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Ashley Madison, infamous infidelity website, target of data hack

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posted on Jul, 20 2015 @ 05:34 PM
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originally posted by: Jonjonj
I agree, sadly for you, American law/morality is not the be all and end all of everything, now is it?


Who here said it was? It is however the arbiter of whether or not what transpired was legal.




posted on Jul, 20 2015 @ 05:41 PM
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So...

I wonder how many people are freaking out about their info being leaked?

I wonder if any divorce attorneys are licking their chops over this...?



posted on Jul, 20 2015 @ 05:43 PM
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a reply to: AugustusMasonicus

You did, by invoking the invalid nature of my argument in a subject that was not bound by the rules you arbitrarily created.
It is clear that we shall have no agreement here isn't it? Your opinion is diametrically opposed to mine. If the world you want to create for our children is one of protectionism to the nth degree, regardless of what you are protecting, then that is your prerogative. I shall preserve my right to opine against the same.



posted on Jul, 20 2015 @ 05:45 PM
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originally posted by: MystikMushroom
So...

I wonder how many people are freaking out about their info being leaked?

I wonder if any divorce attorneys are licking their chops over this...?


Perhaps some on this very website are worried, who knows? I of course mean that with the point about attorneys!



posted on Jul, 20 2015 @ 05:53 PM
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originally posted by: Jonjonj

originally posted by: Klassified

originally posted by: danielsil18
37 million joined Ashley Madison!?

Maybe marriage goes against human nature.

Starred.

Scientific consensus would agree with you. Monogamy can be a societal norm, such as in Western civilization, but it is not natural to our species. We are promiscuous, and most of us will act on it, sooner or later.


But murder is also natural to our species, in fact we ONLY call it murder under certain circumstances.
We are a dominant species, we kill our enemies. Rape too is natural, in fact many mammals both rape/mate and then kill previous young. If we agree that the primal urge should be obeyed then everything is ok.
It seems we want to go both forwards and backwards sometimes, away from our animal instincts while at the same time towards them.

For the record. I am not a proponent of the "If it's natural, it must be good" mindset. There's much I could say to your post, but I would only be beating a dead horse at this point.
edit on 7/20/2015 by Klassified because: edited for brevity



posted on Jul, 20 2015 @ 05:54 PM
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originally posted by: Jonjonj
You did, by invoking the invalid nature of my argument in a subject that was not bound by the rules you arbitrarily created.


I created no 'rules'. My participation revolved around the illegality of the hackers actions which some claimed were done in the interests of morality. They were illegal regardless of their genesis.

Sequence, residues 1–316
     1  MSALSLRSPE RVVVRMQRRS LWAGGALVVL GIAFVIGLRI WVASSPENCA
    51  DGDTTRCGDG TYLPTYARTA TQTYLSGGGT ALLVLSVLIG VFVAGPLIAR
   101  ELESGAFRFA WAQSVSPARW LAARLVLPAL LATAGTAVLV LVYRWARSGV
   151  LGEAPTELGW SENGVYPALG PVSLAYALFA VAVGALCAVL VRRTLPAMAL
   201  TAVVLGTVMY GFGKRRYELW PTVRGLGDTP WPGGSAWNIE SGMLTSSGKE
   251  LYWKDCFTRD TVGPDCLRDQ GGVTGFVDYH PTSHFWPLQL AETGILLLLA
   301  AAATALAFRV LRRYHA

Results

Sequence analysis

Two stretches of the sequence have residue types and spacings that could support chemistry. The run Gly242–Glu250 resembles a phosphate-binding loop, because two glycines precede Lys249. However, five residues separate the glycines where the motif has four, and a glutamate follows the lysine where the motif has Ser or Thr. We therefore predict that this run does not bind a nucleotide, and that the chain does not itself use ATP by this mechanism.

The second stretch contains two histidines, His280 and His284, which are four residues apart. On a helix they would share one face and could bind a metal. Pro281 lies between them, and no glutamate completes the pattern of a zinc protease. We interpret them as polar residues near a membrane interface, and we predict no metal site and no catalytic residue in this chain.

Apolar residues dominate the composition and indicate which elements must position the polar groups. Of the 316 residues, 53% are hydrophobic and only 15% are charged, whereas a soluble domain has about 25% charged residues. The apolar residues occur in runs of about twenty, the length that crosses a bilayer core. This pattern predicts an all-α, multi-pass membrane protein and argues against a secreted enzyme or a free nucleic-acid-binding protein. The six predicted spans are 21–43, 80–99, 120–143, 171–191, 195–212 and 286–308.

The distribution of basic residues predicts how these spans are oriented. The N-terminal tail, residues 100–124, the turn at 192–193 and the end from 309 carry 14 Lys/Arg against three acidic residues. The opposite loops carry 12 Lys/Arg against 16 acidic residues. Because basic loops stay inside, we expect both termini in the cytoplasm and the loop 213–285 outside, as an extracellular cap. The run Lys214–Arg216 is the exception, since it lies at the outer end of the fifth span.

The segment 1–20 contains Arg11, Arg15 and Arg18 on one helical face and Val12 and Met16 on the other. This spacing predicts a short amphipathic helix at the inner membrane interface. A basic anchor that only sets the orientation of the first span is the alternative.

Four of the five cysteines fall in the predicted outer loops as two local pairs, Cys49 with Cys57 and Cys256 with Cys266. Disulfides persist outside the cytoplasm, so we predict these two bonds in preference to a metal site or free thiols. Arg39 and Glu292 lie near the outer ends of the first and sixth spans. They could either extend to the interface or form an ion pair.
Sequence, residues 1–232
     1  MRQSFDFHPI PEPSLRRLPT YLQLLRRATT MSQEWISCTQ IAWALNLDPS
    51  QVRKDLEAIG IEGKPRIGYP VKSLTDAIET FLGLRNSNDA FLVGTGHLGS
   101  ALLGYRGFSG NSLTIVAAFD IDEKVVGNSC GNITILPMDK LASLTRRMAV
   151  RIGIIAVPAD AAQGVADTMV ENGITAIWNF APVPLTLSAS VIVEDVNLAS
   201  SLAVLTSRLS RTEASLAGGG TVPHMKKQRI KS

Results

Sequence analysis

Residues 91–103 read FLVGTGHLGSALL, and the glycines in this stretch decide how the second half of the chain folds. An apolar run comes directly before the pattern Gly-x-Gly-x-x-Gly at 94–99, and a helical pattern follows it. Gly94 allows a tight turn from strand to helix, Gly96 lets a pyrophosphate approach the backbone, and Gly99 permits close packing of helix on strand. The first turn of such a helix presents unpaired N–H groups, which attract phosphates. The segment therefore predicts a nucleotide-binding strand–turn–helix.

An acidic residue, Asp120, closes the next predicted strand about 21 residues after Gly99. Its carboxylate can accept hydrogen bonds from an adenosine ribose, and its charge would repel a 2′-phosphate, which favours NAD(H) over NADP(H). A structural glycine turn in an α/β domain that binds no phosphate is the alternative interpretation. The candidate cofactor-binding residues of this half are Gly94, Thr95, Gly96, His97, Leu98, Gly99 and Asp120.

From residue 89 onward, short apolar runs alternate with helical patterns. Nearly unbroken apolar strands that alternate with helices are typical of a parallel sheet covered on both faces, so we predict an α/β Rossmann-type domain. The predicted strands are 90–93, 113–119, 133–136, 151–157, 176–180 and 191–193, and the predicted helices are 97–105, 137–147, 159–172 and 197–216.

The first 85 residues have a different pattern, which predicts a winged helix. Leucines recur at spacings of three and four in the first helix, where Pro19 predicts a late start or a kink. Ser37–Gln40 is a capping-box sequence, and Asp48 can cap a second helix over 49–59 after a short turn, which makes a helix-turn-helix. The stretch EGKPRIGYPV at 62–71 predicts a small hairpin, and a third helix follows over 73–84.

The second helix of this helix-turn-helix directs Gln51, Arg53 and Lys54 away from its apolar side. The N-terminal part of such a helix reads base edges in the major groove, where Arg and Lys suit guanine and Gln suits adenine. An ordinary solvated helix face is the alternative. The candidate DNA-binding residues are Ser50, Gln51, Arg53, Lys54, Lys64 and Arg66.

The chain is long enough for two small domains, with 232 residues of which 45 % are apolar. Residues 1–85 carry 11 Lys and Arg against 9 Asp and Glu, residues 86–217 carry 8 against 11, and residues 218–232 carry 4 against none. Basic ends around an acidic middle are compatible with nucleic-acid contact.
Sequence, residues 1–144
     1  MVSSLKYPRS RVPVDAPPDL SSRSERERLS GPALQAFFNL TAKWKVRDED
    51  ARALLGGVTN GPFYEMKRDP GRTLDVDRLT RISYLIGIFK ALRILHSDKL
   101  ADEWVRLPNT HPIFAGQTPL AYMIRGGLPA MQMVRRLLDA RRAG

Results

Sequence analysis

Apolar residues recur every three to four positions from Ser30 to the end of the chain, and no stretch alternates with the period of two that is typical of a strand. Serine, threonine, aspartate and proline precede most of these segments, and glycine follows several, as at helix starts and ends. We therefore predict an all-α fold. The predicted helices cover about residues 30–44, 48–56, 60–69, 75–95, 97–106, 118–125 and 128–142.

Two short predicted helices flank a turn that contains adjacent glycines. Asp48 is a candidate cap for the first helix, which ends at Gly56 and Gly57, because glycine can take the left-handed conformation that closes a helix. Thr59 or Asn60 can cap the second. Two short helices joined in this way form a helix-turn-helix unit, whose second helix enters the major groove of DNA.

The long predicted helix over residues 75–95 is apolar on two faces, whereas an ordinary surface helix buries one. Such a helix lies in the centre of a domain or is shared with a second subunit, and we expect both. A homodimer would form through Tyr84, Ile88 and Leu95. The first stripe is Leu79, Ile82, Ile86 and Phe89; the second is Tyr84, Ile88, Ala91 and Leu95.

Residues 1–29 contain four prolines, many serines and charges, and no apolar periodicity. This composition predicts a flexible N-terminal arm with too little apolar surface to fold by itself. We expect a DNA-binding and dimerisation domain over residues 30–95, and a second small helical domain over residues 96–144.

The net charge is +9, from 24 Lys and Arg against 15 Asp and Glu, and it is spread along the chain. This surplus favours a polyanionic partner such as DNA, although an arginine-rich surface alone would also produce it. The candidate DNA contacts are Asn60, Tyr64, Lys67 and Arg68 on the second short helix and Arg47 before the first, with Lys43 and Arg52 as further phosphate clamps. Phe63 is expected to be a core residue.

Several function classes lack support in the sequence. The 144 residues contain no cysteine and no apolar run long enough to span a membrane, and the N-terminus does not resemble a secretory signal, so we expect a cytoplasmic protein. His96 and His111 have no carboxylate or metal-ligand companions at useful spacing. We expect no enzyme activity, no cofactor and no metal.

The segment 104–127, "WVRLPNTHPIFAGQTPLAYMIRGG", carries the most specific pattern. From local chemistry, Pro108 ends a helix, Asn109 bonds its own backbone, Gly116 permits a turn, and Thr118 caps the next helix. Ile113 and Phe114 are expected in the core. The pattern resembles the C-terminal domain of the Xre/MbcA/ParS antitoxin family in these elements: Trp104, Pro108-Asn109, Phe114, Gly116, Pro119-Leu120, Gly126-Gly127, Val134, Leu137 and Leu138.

It is clear that we shall have no agreement here isn't it?


If you think that illegal behavior somehow justifies certain people's views on morality, then, yes, we will not agree.



posted on Jul, 20 2015 @ 05:56 PM
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Seriously can you imagine how much stuff will hit the fan if that information ever gets dumped onto the Internet?

The devil inside hopes it does, so I can take a peek.

The little Angle on my other shoulder however, shudders to think of all the heart ache and grief it will cause.

It's probably best it stays buried.

I'm now actually wondering if my dirtbag of an ex will be in that list, ha ha now that would make me smile



posted on Jul, 20 2015 @ 06:03 PM
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a reply to: AugustusMasonicus

You said that my opinion was invalid, your words were "you have nothing to add" more or less? You inferred referencing another poster that the reason for this was because you were discussing the constitution. I was not discussing the constitution of the USA nor was I aware that such a discussion was the premise of the OP.

I believe that legality is subjective and that the legality we enjoy in this part of the world, mostly imposed by the "arbiters of freedom" is legality in name only. I am sure that many will agree.



posted on Jul, 20 2015 @ 06:09 PM
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originally posted by: Jonjonj
I was not discussing the constitution of the USA nor was I aware that such a discussion was the premise of the OP.


No one said it was the premise of the Original Post, it was however rather germane to the conversation since page one with myself and many other posters. Your initial post made it clear you felt is was justified to break the law to enforce what you believe is moral. However owing to the fact that you are not a citizen you made it clear that you do not proscribe to our laws, that portion is irrelevant.


I believe that legality is subjective and that the legality we enjoy in this part of the world, mostly imposed by the "arbiters of freedom" is legality in name only. I am sure that many will agree.


Good for you, the hackers however are not going to be handled with subjective law but with United States law.



posted on Jul, 20 2015 @ 06:14 PM